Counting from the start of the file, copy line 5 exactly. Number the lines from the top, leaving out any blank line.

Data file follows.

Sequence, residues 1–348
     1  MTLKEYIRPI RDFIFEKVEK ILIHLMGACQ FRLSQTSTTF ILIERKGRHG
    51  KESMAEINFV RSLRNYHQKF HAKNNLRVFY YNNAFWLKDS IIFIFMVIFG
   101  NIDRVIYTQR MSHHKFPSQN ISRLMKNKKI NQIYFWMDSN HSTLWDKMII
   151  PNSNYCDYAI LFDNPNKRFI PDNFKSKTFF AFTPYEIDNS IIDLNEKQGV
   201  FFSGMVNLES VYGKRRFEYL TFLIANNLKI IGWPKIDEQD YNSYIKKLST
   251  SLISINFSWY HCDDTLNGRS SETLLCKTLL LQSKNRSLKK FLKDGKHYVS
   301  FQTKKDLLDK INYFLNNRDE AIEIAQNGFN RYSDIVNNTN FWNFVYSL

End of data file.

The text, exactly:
   151  PNSNYCDYAI LFDNPNKRFI PDNFKSKTFF AFTPYEIDNS IIDLNEKQGV